How long can this nirvana last for investors?
The stock market keeps ticking methodically higher into record territory, and the Dow Jones industrial average closed above 23,000 for the first time on Wednesday. It's been nearly 16 months since S&P 500 index funds had a pullback of even 5 percent over the course of days or weeks, the longest such streak in two decades.
Many analysts expect the market to keep climbing, at least for the next year. The global economy is improving, corporate profits are rising and inflation remains low but not so low that it makes economists nervous.
But as investors learned so painfully 30 years ago, markets can shift quickly. On Oct. 19, 1987, the S&P 500 plummeted 20.5 percent to wipe out what had been sizeable gains for the year.
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Virtually no one is predicting a repeat of "Black Monday," which was the stock market's worst day in history and happened when conditions were different from today. But several worries are circulating underneath the market's placid surface. While they may not cause a 20 percent drop in one day, they could be the spark for the market's next drop of 5 percent or more, whenever it ends up happening.
Here are a few potential stumbling blocks for a stock market that's more than tripled since its 2009 bottom in the Great Recession, including a surge of 20 percent over the last 12 months:
— Stocks are expensive. Even the most optimistic analysts wouldn't call the market cheap. Stock prices tend to follow the trend of corporate profits over the long term, but stocks have been rising more quickly than earnings recently. The S&P 500 is trading at 31 times its average earnings over the last 10 years, after adjusting for inflation, according to data compiled by Yale economist Robert Shiller. That's the highest level since the summer of 2001, when the dot-com bubble was deflating.
By themselves, stock prices rising faster than earnings aren't enough to cause markets to buckle. The stock market stayed at or above this level of price-to-earnings for years following the summer of 1997. But they're enough to give some strategists pause.
— The Fed is tightening. The Federal Reserve slashed short-term interest rates to near zero in response to the 2008 financial crisis. It also took the unprecedented step of purchasing trillions of dollars of bonds to keep rates low. Those low rates meant bonds were paying little in interest, and investors moved into stocks in search of greater returns.
Now the Fed is slowly pulling back. This month it started paring back its $4.5 trillion in bond investments. And many investors expect the central bank to raise short-term interest rates at its meeting in December, which would be the third increase this year.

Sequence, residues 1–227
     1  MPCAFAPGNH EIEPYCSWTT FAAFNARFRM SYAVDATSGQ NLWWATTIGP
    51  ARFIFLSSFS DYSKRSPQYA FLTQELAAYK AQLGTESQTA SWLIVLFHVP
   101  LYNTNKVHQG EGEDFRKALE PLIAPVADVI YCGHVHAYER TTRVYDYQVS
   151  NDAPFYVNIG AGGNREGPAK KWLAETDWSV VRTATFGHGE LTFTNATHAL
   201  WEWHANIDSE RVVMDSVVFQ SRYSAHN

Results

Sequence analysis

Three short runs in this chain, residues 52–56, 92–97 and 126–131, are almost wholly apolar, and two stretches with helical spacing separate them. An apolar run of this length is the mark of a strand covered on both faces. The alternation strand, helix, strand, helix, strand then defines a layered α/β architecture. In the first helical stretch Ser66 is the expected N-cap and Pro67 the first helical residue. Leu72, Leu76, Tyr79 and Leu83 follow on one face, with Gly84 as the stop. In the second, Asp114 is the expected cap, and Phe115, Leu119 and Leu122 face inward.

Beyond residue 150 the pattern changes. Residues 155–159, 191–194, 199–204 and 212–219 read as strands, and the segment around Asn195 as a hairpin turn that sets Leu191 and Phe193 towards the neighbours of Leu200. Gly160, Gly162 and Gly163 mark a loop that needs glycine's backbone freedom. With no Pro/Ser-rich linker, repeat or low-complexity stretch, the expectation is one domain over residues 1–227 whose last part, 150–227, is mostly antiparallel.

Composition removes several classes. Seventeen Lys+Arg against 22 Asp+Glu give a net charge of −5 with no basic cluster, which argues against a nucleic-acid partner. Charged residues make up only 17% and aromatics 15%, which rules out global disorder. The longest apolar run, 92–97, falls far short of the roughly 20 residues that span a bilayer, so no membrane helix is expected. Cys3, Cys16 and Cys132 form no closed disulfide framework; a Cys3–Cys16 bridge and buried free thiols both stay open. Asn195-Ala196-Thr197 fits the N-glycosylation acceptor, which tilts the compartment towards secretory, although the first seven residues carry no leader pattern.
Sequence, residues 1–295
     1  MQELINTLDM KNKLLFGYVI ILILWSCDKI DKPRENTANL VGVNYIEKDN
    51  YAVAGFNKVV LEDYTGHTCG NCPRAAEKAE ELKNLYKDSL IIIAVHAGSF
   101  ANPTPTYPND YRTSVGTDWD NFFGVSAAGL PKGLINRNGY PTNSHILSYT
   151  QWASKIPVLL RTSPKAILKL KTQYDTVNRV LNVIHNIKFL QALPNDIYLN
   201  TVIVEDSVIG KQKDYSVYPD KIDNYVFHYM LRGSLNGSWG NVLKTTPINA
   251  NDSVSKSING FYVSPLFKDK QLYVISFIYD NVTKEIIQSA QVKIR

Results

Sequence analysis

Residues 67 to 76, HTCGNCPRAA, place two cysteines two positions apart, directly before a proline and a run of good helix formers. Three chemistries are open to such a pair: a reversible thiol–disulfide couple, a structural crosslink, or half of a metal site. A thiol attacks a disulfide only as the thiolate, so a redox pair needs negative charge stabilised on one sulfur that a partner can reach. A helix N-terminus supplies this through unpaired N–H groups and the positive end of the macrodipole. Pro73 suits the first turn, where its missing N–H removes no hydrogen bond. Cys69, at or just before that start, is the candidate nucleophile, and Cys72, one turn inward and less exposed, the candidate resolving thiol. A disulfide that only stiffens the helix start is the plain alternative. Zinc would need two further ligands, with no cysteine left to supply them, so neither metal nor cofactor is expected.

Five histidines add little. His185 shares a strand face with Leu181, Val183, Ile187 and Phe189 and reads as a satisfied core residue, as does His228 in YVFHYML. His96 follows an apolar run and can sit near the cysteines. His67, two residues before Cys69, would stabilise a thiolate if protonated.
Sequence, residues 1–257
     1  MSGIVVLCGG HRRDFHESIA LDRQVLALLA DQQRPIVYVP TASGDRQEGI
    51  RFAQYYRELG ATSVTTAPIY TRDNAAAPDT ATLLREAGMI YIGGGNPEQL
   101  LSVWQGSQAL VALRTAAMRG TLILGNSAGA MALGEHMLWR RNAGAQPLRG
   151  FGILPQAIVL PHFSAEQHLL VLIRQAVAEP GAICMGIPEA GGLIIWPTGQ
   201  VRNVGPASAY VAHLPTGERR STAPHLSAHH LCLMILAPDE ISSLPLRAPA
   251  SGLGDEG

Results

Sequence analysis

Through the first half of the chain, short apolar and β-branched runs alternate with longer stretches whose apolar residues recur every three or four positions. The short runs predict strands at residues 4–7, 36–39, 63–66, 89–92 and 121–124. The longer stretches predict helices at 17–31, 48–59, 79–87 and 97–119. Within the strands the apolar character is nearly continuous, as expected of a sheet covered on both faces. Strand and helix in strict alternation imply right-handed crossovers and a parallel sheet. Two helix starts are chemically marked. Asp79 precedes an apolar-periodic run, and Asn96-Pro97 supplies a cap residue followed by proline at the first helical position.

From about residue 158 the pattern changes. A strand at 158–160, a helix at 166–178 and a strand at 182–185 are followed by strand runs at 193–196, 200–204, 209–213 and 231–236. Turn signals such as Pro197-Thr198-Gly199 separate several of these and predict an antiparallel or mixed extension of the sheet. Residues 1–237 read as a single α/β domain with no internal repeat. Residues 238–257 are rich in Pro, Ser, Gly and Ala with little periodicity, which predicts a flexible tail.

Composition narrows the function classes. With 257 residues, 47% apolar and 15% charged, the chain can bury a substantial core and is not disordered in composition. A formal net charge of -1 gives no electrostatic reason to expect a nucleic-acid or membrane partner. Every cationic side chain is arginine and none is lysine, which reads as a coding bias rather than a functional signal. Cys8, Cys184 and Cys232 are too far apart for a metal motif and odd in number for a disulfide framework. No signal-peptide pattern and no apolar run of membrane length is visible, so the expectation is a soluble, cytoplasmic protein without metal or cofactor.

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Higher interest rates make borrowing more expensive for companies, and those bigger interest payments could erode profits, at least modestly. Some investors are even talking about the slim possibility that the Fed will raise rates more quickly than it anticipates, if inflation picks up from its current slow pace. "Our downside scenario is that inflation becomes too hot and central banks wake up to the fact that they're behind the curve," said Jon Adams, senior investment strategist at BMO Global Asset Management.
— The leadership of the Fed may soon change. Janet Yellen's term as chair of the central bank expires in February, and whoever sits in the seat next will have great influence over how quickly the Fed moves. President Donald Trump said he'll likely choose from a field of five candidates, one of whom is Yellen.
Many analysts and investors expect the next chair to stick to the Fed's announced schedule for bond-investment reductions, but any uncertainty could unnerve investors.
— Tax reform may fail, or the dollar may jump in value. Stocks have recently received a boost from rising expectations Washington will be able to cut tax rates. Lower taxes could mean bigger profits for companies and likely launch another round of stock repurchases by businesses. But if Washington stumbles, the disappointment could drag down stocks.
Strategists at Goldman Sachs say the S&P 500 may end the year at 2,650 if tax reform passes, which would be a roughly 3.5 percent gain from Tuesday's close. But if reform doesn't happen by then, the index may end the year at 2,400, down 6.3 percent from Wednesday's close of 2,561.26.
If the dollar jumps in value, meanwhile, it would cut into the profits that multinationals have been making from their overseas sales.
— North Korea and other hotspots around the world remain big unknowns. Analysts call this "geopolitical risk," and one of the reasons it's so scary for investors is that it's not possible to predict.
"There are a lot of dangerous things going on," said John Vail, chief global strategist at Nikko Asset Management. Besides the worsening war of words between North Korea and the United States, he listed Ukraine and Syria as other areas with the capability of drawing the world's big powers into conflict.
So far, investors have shrugged off such worries, but for how much longer?